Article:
In 2000, The Boston Globe wrote, “People who matter in politics predict that Charlotte Golar Richie will be the first black mayor of Boston.” Thirteen years later, the former adviser to Mayor Tom Menino and Gov. Deval Patrick, one-time state legislator and nonprofit executive, is finally making a run at the Globe’s prediction in a crowded Democratic field. At a recent campaign rally, she danced herself onto the stage and told the crowd, “If you really want to make change, you can’t be sitting on the sidelines, people! You’ve got to be in it to win it. And I’m in it.” As for the chance to be the first woman to run the city, Golar Richie said, “Women in politics have been dutiful followers. Now it’s my turn. It’s our turn.”

Kathleen Kane

Kane hardly had time to unpack her boxes this year as Pennsylvania’s newest attorney general before she found herself in a constitutional showdown with Republican Gov. Tom Corbett over gay marriage. Kane has argued that the state’s law defining marriage as between a man and a woman is unconstitutional, and she has left it to the governor’s legal staff to defend the statute. Corbett’s office says it’s not up to Kane to “pick and choose” the laws she wants to enforce. Democrats in Washington, watching the AG’s battle from the sidelines in recent months, have taken notice of Kane’s fight and say the episode has proved to them she “could have a national future.”

Chris Taylor

A mom and a lawyer, Taylor says she decided to run for the state Assembly as she watched Gov. Scott Walker strip collective bargaining rights for state workers. Since winning her seat in 2011, the former Planned Parenthood Wisconsin public policy director’s habit of not mincing words has “ruffled feathers” in the capitol but also won over skeptics. She has accused Republicans of “having a hostility to actual people” and of not having “the guts” to tell voters about what’s in their bills. And she once observed that “children would have done a better job on this [GOP] bill. In fact, I would like to have my son’s kindergarten class come in here and I guarantee they will do a better job.” The “fearless” Taylor has quickly made a name for herself in the state and attracted the notice of national Democrats, who point to her as a woman who makes no apologies for their party and could have major potential in the future.

 

 

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Bill Clinton Obliterates the Latest Republican Attempt to Stop Hillary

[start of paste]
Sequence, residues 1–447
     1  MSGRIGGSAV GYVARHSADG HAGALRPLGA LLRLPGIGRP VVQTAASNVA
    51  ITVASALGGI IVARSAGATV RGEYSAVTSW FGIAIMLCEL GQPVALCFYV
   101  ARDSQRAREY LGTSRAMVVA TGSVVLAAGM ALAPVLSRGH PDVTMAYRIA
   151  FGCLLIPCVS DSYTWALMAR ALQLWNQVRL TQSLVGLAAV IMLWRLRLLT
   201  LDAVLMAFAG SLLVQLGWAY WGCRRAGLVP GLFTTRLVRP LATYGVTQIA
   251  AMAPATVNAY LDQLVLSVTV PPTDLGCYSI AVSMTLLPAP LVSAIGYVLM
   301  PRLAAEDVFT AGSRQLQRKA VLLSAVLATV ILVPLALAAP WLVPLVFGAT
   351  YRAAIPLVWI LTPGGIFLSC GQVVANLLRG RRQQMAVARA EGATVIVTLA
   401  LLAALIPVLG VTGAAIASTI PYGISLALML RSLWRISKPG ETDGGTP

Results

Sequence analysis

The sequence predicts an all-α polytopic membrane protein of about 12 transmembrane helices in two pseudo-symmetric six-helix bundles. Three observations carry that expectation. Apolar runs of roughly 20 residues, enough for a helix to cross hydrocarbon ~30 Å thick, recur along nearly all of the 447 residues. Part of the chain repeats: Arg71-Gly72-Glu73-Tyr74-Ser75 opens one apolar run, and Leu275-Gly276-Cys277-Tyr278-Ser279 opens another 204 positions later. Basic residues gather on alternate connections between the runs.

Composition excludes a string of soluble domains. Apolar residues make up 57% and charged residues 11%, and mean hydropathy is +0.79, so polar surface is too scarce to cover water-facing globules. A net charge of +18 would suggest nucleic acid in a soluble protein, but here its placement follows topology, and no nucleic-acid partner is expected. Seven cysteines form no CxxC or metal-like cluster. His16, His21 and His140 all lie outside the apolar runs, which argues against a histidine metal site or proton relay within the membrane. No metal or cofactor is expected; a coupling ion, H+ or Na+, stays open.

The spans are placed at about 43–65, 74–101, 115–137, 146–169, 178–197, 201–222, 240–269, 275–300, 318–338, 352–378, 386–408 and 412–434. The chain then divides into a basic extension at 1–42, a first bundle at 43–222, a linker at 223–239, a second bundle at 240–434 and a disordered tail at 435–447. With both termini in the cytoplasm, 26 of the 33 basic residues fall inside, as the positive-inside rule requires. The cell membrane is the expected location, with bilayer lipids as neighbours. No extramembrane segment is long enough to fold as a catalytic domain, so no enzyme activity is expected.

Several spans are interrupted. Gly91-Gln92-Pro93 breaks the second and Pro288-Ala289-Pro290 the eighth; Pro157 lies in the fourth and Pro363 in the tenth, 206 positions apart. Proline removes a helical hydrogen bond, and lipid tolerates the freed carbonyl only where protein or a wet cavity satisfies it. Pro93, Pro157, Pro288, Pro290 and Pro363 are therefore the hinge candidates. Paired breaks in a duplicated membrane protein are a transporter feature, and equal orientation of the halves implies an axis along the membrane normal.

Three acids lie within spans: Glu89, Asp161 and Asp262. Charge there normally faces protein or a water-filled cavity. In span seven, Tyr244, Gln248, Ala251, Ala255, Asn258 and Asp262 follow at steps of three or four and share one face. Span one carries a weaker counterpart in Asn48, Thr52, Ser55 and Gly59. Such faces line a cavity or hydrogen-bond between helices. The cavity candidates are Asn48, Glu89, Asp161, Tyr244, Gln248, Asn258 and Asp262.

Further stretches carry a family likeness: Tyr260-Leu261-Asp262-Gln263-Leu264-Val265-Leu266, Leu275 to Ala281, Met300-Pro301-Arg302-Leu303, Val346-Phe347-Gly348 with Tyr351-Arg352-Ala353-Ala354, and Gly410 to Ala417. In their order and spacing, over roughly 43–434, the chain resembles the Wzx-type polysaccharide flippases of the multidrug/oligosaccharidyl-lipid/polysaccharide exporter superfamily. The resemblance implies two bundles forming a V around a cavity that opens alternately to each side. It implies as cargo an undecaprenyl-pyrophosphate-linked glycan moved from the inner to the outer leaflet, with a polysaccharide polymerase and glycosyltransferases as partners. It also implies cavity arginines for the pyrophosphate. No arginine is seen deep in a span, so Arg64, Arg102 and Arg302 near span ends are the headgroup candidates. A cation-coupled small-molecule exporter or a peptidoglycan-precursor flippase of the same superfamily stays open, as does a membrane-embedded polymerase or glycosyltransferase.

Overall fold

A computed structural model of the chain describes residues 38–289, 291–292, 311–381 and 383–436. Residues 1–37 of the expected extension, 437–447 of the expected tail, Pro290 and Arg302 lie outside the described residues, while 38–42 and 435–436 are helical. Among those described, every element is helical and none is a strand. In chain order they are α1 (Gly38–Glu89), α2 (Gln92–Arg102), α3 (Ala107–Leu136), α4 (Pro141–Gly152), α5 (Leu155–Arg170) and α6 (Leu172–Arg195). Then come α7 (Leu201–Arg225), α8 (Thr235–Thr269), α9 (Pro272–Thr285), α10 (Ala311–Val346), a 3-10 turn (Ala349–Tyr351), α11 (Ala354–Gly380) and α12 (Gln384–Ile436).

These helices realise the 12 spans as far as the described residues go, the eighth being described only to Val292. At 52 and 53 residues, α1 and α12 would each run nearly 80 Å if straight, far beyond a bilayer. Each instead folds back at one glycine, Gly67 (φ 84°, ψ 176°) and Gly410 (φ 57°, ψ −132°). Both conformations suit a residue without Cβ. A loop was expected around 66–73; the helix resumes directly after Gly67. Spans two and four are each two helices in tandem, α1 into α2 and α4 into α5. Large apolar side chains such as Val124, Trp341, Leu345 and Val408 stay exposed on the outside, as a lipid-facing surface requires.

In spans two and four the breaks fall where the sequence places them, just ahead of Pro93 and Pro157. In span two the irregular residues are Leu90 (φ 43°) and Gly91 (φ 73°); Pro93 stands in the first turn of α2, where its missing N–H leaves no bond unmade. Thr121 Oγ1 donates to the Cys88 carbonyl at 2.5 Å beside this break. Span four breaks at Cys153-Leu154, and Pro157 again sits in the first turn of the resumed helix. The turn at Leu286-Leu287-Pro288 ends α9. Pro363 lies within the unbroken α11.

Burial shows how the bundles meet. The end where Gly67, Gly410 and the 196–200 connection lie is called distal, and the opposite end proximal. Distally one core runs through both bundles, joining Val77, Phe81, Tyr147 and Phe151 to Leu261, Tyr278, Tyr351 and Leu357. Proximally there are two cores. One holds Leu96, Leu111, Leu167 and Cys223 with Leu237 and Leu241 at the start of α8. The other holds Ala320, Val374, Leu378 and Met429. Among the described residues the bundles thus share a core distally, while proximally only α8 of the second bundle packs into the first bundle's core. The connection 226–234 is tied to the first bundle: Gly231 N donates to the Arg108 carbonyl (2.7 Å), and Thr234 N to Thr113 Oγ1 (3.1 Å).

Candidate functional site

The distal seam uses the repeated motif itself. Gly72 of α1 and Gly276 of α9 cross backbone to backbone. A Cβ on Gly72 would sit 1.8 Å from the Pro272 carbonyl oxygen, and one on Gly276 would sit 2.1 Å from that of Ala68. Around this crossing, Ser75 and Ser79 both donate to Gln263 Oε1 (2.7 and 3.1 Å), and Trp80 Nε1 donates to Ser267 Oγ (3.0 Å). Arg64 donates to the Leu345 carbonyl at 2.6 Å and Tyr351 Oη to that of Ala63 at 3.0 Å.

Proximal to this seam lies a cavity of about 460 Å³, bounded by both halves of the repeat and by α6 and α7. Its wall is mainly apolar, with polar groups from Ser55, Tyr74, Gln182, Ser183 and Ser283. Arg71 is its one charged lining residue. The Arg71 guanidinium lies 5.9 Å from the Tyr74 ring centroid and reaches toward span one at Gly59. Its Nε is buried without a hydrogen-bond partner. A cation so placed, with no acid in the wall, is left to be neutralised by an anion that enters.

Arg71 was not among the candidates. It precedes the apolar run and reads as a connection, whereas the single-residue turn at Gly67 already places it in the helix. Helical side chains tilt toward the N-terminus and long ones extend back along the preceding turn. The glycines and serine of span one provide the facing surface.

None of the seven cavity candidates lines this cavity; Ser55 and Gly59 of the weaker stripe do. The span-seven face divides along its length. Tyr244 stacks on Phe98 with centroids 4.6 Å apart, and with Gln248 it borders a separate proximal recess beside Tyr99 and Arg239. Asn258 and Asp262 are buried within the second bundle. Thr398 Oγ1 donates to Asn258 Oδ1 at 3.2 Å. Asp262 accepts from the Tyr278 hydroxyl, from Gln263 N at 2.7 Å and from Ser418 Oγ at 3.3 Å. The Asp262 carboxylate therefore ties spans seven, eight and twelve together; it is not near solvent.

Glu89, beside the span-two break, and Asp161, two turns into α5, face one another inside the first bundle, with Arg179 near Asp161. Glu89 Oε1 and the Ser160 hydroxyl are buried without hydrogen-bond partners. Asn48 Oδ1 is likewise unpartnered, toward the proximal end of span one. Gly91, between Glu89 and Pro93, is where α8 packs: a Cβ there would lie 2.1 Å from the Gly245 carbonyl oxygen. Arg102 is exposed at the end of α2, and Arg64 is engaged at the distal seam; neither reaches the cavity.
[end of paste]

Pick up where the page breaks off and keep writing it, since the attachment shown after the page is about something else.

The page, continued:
PoliticusUSA

It took Bill Clinton less than 60 seconds to destroy the latest Republican attempt to stop his wife Hillary from running for president:

 

 

Former President Clinton was asked if the Weiner scandal was difficult to watch. He used the opportunity to knock down the Republican attempts to tie his wife to Anthony Weiner.

Clinton said, “Well, not because it is a political campaign. Neither Hillary or I was ever involved in the political campaign, and they understood that from the beginning. There are too many people running for mayor who have been my supporters, who supported her for senator, her for president. One was once a campaign manager,Mr. de Blasio But there are literally five people in that race, including one of the Republican candidates Mr. (John) Catsimatidis, who are personal friends of ours, so we are a hundred miles from that race and everyone understands that we are not going to be involved, as long as our personal friends and people who we feel obligations are involved. So, the feelings I have are all personal and since they are, I shouldn’t talk about them.”

This is all started with a New York Post story that reported that the Clintons were livid with Weiner, but the story went on to baselessly speculate that the Clintons were worried that Weiner’s scandal would hurt Hillary’s potential 2016 campaign. Conservative media picked up on that point, and have been speculating that Weiner’s sexting romps will hurt Clinton if she runs for president.

Former President Clinton’s comments revealed two things. One, there is no way that the Clintons are going to let the right use former Rep. Weiner to smear Hillary, and two, on a personal level they are probably understandably personally angry about what Weiner has done.

Republican strategists are trying their best to connect Hillary Clinton to Anthony Weiner. In a memo released to reporters on Friday, they wrote, “Hillary Clinton, has stayed mum about all of it. For someone who has not-so-veiled aspirations to lead her party, she’s failed to show any leadership in publicly denouncing Weiner’s habits or his candidacy.”

Former President Clinton stopped the whole effort to Hillary Clinton to Anthony Weiner dead in its tracks. Republicans are desperate, so desperate that they are trying to stop Hillary Clinton’s candidacy before she has even had a chance to announce it. The Republican Party couldn’t stop Obama with these types of smears and attacks. It definitely isn’t going to work on Hillary Clinton. Right now, Bill and Hillary Clinton’s messaging is more powerful than the entire Republican Party.

The Clintons have been playing this game with Republicans for twenty plus years. They know what they are doing, and over these past few decades Republicans have never won. Bill and Hillary Clinton are big leaguers, and Republicans are kidding themselves if they think that their efforts to smear Hillary will even make a dent.

 

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Why digital dirty laundry keeps taking down public figures